With over a million animals facing extinction, many conservationists are scrambling to not only save existing species but also resurrect recently extinct ones. The woolly mammoth is one that is in the process of being returned to life. With multiple sources of DNA found in frozen specimens, researchers are altering modern day elephant DNA with mammoth DNA to create an elephant that could inhabit similar environments. With shaggy hair and large tusks, they will likely fulfill our vision of what these prehistoric creatures looked like, but they will still have the mannerisms of  elephants. While captive crane chicks are not easy to mimic, it will likely be a much more difficult and expensive endeavor to teach a 250-pound newborn elephant how to be a mammoth. These missing links in behavior and knowledge should be taken into heavy consideration when bringing them back. The expenses of raising a non-migratory whooping crane to adulthood clock in at $94,000 per crane, so what will it take to teach a massive, hairy elephant adapted for the Ice Age to fit into a modern-day society confronting global warming?

The quagga, a South African subspecies of zebra, is another such animal poised to see a comeback. Hunted to extinction just a century ago during the European colonization of South Africa, it once roamed the nation’s plains in large herds. Scientists hope to selectively breed zebras that look like quagga, which looks like a zebra with brown hindquarters, until the subspecies is brought back. The same troubles that face the woolly mammoth face the quagga, which has no living role model to pass on the traits that had molded it into the species it once was. 

When any animal population vanishes from an area, generations worth of knowledge about the region vanishes with them. Animals do not aimlessly wander the places they inhabit but are often experts on particular facets of their ecosystems. Much of what requires researchers to dedicate large amounts of time and money to figure out about an ecosystem is already well-known by the local inhabitants. After all, who knows the location of Nichols Arboretum’s acorn-producing oaks better than the squirrels and chipmunks who spend their days scouring the forest canopy? And who could better identify the species of bats that flutter about Ann Arbor better than a wide-eyed owl? Animals are taught by other members of their kind, learn themselves or instinctively know the best places to hunt, graze, play, hide and mate within their familiar areas. This creates a tapestry of knowledge spanning generations and greatly influences behavior. Losing this knowledge is an often understated consequence of extreme endangerment and extinction.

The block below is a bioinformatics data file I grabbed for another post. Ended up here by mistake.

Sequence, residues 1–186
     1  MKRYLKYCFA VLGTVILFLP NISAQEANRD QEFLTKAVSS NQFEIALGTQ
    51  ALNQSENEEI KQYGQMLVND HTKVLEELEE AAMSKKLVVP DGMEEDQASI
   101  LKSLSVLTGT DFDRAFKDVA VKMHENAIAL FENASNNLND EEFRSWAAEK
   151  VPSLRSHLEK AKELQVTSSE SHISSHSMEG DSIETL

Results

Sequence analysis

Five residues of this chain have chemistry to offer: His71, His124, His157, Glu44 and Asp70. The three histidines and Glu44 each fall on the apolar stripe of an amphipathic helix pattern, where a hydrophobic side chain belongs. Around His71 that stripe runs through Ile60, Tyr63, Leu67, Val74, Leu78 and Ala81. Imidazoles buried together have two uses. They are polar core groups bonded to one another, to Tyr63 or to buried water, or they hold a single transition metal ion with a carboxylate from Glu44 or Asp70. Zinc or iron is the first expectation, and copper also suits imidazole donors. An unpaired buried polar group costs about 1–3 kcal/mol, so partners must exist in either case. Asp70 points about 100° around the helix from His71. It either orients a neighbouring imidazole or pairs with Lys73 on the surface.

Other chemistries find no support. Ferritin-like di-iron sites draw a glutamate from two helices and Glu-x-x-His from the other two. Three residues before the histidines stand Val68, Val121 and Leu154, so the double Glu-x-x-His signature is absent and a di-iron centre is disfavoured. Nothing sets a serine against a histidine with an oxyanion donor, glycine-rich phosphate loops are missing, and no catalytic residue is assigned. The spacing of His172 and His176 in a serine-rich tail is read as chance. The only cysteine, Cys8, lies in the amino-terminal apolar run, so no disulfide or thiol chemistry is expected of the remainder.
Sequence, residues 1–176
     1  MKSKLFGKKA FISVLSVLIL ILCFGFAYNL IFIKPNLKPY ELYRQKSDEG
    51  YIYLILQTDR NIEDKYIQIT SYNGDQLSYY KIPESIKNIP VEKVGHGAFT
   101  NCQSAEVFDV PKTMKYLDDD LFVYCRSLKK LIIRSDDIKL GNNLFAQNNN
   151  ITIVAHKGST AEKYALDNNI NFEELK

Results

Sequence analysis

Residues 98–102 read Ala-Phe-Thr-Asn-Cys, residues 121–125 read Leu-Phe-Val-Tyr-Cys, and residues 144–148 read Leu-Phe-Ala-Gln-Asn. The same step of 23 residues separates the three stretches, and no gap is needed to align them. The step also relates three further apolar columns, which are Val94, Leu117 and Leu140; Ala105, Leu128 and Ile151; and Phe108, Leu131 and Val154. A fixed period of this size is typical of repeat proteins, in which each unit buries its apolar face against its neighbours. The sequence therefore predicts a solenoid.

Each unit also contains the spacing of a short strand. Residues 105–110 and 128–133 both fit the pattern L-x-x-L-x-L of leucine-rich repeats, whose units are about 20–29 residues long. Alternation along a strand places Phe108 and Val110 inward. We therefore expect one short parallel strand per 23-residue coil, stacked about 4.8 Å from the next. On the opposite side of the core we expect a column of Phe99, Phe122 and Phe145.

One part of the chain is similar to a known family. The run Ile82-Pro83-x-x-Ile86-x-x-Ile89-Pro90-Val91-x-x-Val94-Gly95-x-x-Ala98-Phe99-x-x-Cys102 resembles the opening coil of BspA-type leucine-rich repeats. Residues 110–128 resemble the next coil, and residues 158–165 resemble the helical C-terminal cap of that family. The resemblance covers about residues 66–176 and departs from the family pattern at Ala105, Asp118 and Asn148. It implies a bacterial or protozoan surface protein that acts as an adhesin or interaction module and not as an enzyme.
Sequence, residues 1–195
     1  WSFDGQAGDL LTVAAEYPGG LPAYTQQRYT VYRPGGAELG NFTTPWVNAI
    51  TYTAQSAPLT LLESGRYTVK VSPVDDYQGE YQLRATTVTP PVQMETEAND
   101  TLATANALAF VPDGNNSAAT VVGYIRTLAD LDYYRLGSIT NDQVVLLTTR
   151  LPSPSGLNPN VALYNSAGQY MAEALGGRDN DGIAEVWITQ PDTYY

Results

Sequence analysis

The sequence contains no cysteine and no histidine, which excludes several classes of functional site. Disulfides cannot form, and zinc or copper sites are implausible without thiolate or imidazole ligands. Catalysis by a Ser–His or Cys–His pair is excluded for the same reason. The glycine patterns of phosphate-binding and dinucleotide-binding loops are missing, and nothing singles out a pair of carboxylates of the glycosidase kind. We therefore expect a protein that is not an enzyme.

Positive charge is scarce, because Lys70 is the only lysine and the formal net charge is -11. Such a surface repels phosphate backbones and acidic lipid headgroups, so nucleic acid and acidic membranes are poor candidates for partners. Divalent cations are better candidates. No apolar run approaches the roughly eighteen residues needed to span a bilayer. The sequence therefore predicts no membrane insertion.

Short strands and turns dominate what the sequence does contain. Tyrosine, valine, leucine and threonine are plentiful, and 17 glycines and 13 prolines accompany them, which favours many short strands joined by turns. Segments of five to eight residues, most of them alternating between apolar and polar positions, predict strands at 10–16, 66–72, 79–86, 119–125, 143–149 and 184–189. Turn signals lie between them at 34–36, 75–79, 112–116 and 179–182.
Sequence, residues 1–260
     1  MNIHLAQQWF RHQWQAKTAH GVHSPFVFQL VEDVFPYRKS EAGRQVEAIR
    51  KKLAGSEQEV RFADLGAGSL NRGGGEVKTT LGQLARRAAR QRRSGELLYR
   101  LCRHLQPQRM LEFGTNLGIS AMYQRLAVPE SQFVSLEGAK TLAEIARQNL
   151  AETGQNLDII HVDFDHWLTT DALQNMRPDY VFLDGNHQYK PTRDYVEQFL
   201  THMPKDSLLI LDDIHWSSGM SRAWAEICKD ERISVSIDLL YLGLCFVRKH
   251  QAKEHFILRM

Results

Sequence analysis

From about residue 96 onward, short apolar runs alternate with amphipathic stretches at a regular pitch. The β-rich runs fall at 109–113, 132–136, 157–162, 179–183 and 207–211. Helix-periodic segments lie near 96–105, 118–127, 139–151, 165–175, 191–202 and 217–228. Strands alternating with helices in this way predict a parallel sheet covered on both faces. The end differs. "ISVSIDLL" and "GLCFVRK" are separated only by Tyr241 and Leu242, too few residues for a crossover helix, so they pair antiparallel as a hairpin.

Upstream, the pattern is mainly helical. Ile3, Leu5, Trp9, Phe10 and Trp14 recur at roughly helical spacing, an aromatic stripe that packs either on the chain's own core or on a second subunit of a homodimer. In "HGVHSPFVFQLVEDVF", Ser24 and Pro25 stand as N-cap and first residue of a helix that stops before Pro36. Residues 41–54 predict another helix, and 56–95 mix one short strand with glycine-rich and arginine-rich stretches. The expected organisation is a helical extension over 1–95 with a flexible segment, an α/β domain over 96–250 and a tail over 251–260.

While animal behaviorists can try to simulate the experience an animal would have in its natural habitat, there is no way for a human to ever fully reassemble the legacy that is lost. This is why saving animals before they become endangered, or worse, extinct, is so integral to maintaining a species’ existence. What animals like the whooping crane, giant panda and the American bison lost when their tapestry of knowledge was disrupted is millions of years of generational secrets and traditions that can never be retaught.  

The whooping crane is living proof that exceptional effort can result in a restructuring of an 11,000 year old journey for one of the most impressive animals on Earth. It is also a lesson as to what the consequences of destroying an animal's sense of self will have on its recovery, resulting in increased cost, time and effort. While the whooping cranes that first landed on the banks of the Platte have been robbed of an unknown number of teachings, their migration to these riverbanks is a legacy restored — that shouldn’t have disappeared in the first place.

Riley Dehr can be reached at rdehr@umich.edu.